The coral of Tampa's Florida State Fairgrounds entrance arcs against an ominously graying Tuesday evening sky. Everyone waits for Donald Trump outside, even though it smells like rain. The Secret Service checkpoint doesn't help, choking admission to the 10,500-seat Expo Hall, but outside is where you want to be in any case. It's where the cameras aren't confined to a pen. It's where the enemy is. It's why we're here.
Trump knows this. He understands the value of outside. When he arrives, he mentions the thousands of people outside the gate for him (there aren't) watching giant-screen TVs (there are none). And, anyway, not much will happen inside. Everyone knows what the Trump show looks like at this point—grievance after formless grievance, with no policy agenda in sight. GOP gubernatorial aspirant Ron DeSantis is introduced as someone who likes Trump, takes the stage to demonstrate his approval of Trump, then slinks off before his speech becomes dangerously long or memorable. Then the most powerful man on the planet whines about everything unfair to him, an audience whose go-to insult is "snowflake" shares in his victimhood, and, if they're very lucky, go off to find those responsible outside.
The press knows the ticket lies outside too. The fact-checkers can do their jobs from a YouTube stream. Inside, people sit on bleachers, not free to move or rave or joke around. Colors wash out in the artificial light, and once the speech starts, the cameras and recorders are supposed to remain within the press pen. Besides, that way the audience always knows where to find the treasonous media on the way out.
Even the Trump fans understand that inside is boring. The rear corners of arena seating never fill; a standing room large enough to accommodate the crowd outside five times over remains empty. Fifteen minutes in, people start to exit, because this speech is like all the rest of them. A cheerful bearded man in a USA replica baseball jersey and Trump socks stops on the way out to explain to me why he's leaving and gives the same answer as everyone else:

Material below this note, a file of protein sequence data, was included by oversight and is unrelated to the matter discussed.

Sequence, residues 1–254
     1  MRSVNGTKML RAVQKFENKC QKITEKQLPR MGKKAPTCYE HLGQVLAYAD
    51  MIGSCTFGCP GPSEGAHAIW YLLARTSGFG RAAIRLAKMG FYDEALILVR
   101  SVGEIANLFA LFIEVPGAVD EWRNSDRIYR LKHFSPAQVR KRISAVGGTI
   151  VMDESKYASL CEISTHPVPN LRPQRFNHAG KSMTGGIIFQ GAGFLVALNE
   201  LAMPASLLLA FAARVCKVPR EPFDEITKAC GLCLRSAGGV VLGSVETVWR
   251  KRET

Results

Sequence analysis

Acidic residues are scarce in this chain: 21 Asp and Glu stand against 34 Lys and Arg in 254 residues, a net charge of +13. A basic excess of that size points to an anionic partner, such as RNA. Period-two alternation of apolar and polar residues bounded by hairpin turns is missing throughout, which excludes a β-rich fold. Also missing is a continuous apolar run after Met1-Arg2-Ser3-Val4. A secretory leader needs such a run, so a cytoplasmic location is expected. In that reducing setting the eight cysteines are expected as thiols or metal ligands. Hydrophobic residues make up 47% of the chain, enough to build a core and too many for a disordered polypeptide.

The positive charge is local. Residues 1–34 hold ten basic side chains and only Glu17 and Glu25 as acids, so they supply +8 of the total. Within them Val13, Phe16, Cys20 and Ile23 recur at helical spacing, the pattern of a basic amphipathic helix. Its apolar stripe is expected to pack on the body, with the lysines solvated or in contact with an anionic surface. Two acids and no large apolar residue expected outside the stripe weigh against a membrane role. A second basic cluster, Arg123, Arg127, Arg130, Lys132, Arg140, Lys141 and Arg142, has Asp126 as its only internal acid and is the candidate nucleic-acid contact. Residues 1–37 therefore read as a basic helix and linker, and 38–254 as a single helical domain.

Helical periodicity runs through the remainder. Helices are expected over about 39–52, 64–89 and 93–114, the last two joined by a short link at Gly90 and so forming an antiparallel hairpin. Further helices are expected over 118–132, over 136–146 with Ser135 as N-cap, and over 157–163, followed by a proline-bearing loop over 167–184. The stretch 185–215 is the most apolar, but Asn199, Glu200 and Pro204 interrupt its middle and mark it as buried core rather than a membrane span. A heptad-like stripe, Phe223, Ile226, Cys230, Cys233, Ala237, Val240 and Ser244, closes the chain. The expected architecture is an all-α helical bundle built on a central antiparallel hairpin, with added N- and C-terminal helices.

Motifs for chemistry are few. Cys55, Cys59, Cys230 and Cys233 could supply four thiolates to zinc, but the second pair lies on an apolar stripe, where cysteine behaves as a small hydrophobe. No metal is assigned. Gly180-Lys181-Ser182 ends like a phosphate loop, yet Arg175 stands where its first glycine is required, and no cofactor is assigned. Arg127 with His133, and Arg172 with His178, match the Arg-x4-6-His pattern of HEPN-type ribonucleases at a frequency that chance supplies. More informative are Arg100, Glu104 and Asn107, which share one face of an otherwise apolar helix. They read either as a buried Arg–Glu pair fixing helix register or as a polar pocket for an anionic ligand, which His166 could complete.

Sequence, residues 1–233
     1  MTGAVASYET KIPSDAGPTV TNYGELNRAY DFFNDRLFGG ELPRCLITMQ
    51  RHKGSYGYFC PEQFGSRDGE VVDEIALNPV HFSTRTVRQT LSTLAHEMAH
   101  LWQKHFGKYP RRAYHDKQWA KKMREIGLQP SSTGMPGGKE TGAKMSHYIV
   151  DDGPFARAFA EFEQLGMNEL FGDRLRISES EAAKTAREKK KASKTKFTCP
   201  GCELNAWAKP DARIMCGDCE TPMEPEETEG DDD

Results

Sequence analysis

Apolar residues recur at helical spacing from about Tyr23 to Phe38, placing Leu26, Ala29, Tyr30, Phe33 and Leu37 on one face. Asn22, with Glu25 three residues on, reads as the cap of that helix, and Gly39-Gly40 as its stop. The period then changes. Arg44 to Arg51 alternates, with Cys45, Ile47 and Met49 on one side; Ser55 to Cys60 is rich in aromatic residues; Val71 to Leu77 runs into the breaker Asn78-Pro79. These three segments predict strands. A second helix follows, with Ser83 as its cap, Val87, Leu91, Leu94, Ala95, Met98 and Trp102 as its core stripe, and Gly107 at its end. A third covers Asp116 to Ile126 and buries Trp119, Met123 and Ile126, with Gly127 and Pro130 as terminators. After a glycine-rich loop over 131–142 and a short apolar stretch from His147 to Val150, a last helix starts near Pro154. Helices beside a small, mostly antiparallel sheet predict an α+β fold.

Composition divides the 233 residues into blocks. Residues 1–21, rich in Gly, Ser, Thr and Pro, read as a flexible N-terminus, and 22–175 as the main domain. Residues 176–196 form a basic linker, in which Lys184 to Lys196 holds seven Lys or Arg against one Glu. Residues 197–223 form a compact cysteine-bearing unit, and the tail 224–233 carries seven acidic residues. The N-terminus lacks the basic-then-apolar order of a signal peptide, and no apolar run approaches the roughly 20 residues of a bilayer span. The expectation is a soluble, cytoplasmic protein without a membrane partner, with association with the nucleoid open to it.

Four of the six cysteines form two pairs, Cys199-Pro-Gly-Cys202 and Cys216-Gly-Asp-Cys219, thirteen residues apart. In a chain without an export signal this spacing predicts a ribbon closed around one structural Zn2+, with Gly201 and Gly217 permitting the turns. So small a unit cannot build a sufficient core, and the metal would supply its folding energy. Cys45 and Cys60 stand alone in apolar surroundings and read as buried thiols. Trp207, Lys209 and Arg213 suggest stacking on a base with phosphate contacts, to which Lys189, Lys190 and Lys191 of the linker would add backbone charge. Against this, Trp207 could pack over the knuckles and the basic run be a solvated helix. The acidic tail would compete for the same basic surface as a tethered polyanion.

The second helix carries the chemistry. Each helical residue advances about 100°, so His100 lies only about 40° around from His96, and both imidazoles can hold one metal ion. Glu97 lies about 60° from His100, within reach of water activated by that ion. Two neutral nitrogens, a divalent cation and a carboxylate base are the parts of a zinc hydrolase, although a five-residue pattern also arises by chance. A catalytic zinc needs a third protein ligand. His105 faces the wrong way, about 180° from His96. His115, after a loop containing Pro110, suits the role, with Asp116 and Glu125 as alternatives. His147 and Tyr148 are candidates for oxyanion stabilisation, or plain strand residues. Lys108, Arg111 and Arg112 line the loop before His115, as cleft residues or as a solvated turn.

"To beat the traffic."
The real story is the collapse of Trump's popular support, his dismal job approval ratings, his inability to help candidates win their elections, the terrible policies he has enacted, the complicity of the Republican-controlled Congress, the corruption that is endemic to the regime that he leads, and the babies he threw in jail to maintain the support of his base.
When the media fails to cover any of those items, don't forget that Russia helped Trump steal the election, he has committed obstruction of justice in plain sight multiple times, and the Democratic Party is poised to seize control of the Legislative branch of the Federal government in about 90 days.
Stories like this pierce the veil that covers this illegitimate presidency--the emperor ain't wearing a Goddamned thing and the whole country is being sold down the river because our working media complex is afraid to:
1. Call Trump a liar to his face
2. Stop attending the bullshit briefings that spread lies and misinformation
3. Stop covering his "rallies."
They are revenue-challenged, and they need the cash more than the American people need to hear the truth. They are failing to act in the interests of the public. When Walter Cronkite gave his opinion that the war in Vietnam could not be won, the country took note. If any living anchor person on the evening news said anything as remotely mild as this, the indifference of the American people would be overwhelming and would demonstrate just how well and truly fucked we are because Trump has been allowed to define the rules. The media needs to define what is, and what is not true, and they can't even do that.
Is the "rally" full? No, then the president is a liar when he says the rally is full.